“[Staff] are all working in difficult circumstances and we don’t want to undermine that by not paying people.”
One more step towards normality came on Thursday evening, when the main DHB phone line (07 839 8899) was reactivated.
“This is running at a limited capacity, so please be patient while we deal with the high volume of calls,” a DHB statement said.
The health board also reissued a warning about keeping its hospitals’ emergency departments for life-threatening conditions.
‘This is what cyber war looks like’
Waikato DHB’s systems have been crippled, cybersecurity professor Hossein Sarrafzadeh said.
If that was done across the board, it could cripple a country
“This is what cyber war looks like,” said Sarrafzadeh, who heads a cybersecurity centre of excellence at North Carolina Agricultural and Technical State University.
He sees it as likely that hackers copied Waikato DHB data, and also that they will release it if the DHB doesn't pay.
It would be released slowly, not all at once, to put more pressure on the DHB, he said.
“Anyone could have been hacked, so don’t blame the Waikato DHB,” he said. “They have been attacked by an enemy. Everyone needs to support them. That's my position.”
It appears ransomware attacks are skyrocketing, as the amount paid to hackers in 2020 was triple what it was the year before, Sarrafzadeh said.
“This year, we’ve seen it go crazy.”
Outpatient appointments and patients coming for a non-urgent surgery have been affected.
New Zealand could definitely do more in the cybersecurity zone, said Sarrafzadeh, who previously worked at Unitec Institute of Technology, and still has family here.
Concerned companies – especially in the health sector – should check their backup systems, invest in staff training, and look into anti-ransomware protection.
If Sarrafzadeh could, he’d make it compulsory for all health organisations to have a dedicated team, and to invest more in the area.
Training is essential, he said, because even a phone call could help hackers get in.
A few years back, hackers got into a complex US bank system after a caller pretending to be a colleague from another branch got some vital information, he said.
Sarrafzadeh is trying to help raise awareness and will co-chair the International Conference on Privacy, Security and Trust, scheduled for Auckland in December.
Provided borders are open, it will bring international experts for two days of academic conference and one day of industry symposium, he said.
As for how long before Waikato DHB gets running again, he wouldn’t be surprised if it took another week, but it’s hard to say.
“The only people who know are the hackers and the victim. And they both don’t reveal more information than necessary to protect themselves, to not reveal their hand so that the other side doesn't take advantage,” he said.
What the health board boss says
In light of all this, what are Snee’s feelings towards those who created this turmoil with the cyber attack?
“I’m not giving that any thought, really.”
All his energy and focus is on patients, and managing the situation as best the health board can, he said.
“Let other people worry about what’s in the minds of people who perpetrate this kind of crime.”
Nor would he comment on whether the perpetrators had contacted Waikato DHB, because it’s part of an investigation.
It’s been a strange week for Snee.
“I’ve been doing a lot of things I wouldn’t normally be doing. A lot of interviews for television.”
Phone interviews with Stuff are often limited to 10-minute windows, in Thursday’s case, just before a 4pm briefing on the cyber situation.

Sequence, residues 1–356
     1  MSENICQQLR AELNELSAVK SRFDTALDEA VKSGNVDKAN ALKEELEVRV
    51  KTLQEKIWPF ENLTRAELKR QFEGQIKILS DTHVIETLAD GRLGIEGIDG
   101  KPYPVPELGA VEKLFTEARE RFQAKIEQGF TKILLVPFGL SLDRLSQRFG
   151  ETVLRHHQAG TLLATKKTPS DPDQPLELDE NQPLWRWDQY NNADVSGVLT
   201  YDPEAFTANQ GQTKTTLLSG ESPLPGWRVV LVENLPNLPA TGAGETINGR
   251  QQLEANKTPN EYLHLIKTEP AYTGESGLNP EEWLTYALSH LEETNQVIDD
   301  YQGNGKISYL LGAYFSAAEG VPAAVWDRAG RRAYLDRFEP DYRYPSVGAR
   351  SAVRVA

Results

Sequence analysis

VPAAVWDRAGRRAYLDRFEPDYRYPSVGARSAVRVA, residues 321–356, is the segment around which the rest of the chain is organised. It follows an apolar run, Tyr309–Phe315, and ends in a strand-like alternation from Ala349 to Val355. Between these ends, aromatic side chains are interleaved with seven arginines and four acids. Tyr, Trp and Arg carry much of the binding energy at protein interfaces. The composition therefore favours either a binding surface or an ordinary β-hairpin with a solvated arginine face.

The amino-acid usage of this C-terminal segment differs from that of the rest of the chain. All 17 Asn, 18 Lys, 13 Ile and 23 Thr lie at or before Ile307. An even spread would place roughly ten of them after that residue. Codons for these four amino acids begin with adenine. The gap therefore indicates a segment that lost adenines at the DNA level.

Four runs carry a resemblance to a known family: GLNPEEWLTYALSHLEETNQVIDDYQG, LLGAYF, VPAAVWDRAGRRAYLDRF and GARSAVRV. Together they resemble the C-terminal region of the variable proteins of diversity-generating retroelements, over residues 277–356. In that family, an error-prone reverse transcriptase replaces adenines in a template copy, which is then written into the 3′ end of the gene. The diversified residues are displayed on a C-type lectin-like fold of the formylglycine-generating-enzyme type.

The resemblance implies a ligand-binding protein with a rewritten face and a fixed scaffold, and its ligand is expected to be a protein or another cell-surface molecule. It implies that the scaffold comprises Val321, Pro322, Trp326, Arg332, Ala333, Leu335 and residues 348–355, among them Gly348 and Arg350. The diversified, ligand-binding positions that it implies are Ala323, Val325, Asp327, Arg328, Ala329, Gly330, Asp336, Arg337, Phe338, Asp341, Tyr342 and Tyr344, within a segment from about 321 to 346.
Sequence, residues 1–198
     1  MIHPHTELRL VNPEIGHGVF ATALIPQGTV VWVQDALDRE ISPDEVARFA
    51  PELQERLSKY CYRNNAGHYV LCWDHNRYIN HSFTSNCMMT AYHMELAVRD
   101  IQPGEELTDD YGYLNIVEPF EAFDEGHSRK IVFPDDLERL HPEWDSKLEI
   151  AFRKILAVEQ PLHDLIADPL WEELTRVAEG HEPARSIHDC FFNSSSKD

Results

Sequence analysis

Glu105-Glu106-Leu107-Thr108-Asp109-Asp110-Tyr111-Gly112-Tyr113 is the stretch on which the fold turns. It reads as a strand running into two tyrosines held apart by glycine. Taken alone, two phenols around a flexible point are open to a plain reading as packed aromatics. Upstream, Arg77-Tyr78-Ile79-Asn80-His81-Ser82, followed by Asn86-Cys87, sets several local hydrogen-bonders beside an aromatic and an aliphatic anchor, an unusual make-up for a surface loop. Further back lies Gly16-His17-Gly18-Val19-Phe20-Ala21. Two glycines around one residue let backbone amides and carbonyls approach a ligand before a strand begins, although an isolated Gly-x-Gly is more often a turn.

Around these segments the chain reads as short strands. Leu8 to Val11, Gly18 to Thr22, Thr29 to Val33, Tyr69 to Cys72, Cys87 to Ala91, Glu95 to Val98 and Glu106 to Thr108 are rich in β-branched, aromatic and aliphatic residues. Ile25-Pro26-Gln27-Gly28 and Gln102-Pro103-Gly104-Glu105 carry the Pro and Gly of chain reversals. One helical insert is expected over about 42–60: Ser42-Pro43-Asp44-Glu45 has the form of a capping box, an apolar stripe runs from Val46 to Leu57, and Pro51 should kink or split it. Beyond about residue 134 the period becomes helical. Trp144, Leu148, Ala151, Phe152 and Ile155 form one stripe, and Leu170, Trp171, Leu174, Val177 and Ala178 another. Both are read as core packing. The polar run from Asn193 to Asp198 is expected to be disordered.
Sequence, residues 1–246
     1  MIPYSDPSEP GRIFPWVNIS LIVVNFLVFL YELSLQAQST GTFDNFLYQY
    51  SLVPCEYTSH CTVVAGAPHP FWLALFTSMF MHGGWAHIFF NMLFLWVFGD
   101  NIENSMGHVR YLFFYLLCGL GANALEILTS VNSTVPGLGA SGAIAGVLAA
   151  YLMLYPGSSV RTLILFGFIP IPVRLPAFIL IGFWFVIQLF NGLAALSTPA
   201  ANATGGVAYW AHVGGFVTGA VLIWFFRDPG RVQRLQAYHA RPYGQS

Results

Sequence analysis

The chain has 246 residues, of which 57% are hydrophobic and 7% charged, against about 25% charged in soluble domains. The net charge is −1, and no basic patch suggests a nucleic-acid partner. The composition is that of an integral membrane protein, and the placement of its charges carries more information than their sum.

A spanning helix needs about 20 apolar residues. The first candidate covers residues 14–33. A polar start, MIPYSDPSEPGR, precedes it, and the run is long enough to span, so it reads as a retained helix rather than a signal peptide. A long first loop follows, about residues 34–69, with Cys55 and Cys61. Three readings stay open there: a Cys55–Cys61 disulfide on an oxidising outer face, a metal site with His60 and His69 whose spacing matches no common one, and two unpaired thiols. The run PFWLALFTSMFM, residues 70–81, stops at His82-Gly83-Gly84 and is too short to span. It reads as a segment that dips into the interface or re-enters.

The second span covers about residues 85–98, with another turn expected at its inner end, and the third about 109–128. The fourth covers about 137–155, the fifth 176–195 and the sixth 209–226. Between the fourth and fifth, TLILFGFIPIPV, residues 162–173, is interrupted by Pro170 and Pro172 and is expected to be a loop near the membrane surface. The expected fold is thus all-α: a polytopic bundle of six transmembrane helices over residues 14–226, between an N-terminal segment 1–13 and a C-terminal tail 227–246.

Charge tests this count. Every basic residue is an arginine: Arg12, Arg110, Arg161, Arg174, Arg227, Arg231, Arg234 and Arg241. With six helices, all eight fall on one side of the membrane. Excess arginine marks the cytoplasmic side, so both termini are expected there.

He attends three or four a day now, he said, but there were more in the early stages.
Health hacks around the globe
Ransomware attacks on health providers have recently made headlines in several spots around the world.
Ireland’s health system shut down its entire IT system in response to a ransomware attack on May 14, AP News reported.
Authorities said it could take weeks to get the public health system back to normal after what Irish Prime Minister Micheal Martin called a “heinous” attack.
Thousands of appointments, clinics and surgeries had been cancelled or delayed, AP reported.
In the United States, a May 1 attack on San Diego-based Scripps Health left patients asking if the hackers got hold of private medical or financial information, The San Diego Union-Tribune reported.
Scripps, the region’s second-largest healthcare system, refused to answer, saying the investigation hadn’t finished.
Closer to home, a major Melbourne health network had weeks of recovery from a ransomware attack on March 16.
Almost a fortnight later, staff at Eastern Health – which operates four hospitals – couldn’t access patient histories or access internal emails and IT systems, The Age reported.
On April 27, Eastern Health said in a statement that patient services were no longer affected by IT issues.
Past glitches at Waikato DHB
And Waikato DHB has come through past health hacks and IT glitches.
An apparently Algerian-based group, DZ Informatics Mafia, got into the website in May 2013, leaving a black screen saying “hacker inside” and, later, “Forbidden: Access denied”.
That prompted a full web security review.
Hundreds of online job applications disappeared in December 2011, but what was first thought to be the work of a hacker proved to be due to a flood of spamwhich overwhelmed the website’s server.
In December 2009, a memory stick put into a computer in a carpark booth at Waikato Hospital let the Conficker virus into the system, prompting a 48-hour network shutdown.
Audit New Zealand looked into the attack and Waikato DHB planned to spend an extra $1.276 million upgrading its system.
Data vanished in a “sentinel event’’ in October 2008, whisking away emails and personal work files of 690 Waikato DHB staff, many of which US experts couldn’t get back.
And an October 2004 attack left patient management systems and payroll down for 34 hours.